Mr Barroso has also stated he will not come to Ukraine “unless there is a swift improvement in human rights there.” Anybody who is even remotely aware of “diplo speak” will recognise this statement is notable not for what it says, but for what it does not. A swift improvement in human rights does not necessarily translate to the release of Ms Tymoshenko.
A “swift improvement” could very well be the sending of Ms Tymoshenko to Germany for treatment a few days before the tournament is due to begin. That would allow Mr Barroso to enjoy yet another free jolly of VIP treatment and delay having to deal with the uncomfortable issues relating to what happens to Ms Tymoshenko once she has been treated in Germany.
Upon her return to Ukraine she would return to jail to continue to serve her sentence one must presume as things currently stand. She would also have to face her trial over the shenanigans of UESU and Somolli Ent which has been postponed by the Ukrainian courts due to her health.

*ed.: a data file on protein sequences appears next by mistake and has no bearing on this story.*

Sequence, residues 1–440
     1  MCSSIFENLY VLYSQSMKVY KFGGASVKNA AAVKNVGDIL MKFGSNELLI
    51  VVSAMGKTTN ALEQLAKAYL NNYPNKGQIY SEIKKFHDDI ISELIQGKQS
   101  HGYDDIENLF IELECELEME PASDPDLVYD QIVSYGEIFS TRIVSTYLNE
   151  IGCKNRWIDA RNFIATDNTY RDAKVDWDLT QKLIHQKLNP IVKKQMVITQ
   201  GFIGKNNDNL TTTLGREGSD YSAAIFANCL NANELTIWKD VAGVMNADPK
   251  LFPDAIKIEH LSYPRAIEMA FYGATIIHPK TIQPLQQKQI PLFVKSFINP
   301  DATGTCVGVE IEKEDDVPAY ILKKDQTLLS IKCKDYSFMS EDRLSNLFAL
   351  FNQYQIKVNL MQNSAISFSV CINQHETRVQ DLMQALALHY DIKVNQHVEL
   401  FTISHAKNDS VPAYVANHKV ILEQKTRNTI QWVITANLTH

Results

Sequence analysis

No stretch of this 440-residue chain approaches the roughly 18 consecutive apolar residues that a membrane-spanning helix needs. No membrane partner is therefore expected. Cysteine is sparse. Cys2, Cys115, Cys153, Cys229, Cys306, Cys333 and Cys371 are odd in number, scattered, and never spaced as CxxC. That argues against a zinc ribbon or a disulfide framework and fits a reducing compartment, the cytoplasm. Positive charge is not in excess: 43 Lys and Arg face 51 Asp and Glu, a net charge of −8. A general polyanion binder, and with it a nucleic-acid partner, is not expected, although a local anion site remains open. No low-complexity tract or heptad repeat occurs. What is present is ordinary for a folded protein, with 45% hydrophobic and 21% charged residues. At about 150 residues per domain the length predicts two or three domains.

There is then the matter of Chancellor Merkel who has yet to make a formal decision to attend or not. She will be acutely aware that whilst a percentage of Germans would support her staying away if that was her decision, there would also be a large number who would not be happy that a German Chancellor is not present at a tournament which Germany not only qualified for, but also stands a very good chance of winning – with the final in Kyiv.
She faces reelection next year. Unsurprisingly she has not made that decision yet.
To add more difficulty to her position, Vitali Klitchko, Ukrainian opposition politician and Heavyweight Boxing Champion whose sporting career is based in Germany and who thus has a massive German following, had this to say about sports, politics and boycotting Ukraine:
“Europe and (Ukraine’s) neighbouring countries have enormous influence on Ukraine both economically and politically. The important thing is that the whole country is not punished through penalties and sanctions that also effect the people. The pressure needs to be directed against the country’s leadership. Each person at the country’s helm has a personal responsibility for what is currently happening in Ukraine. They must be held accountable.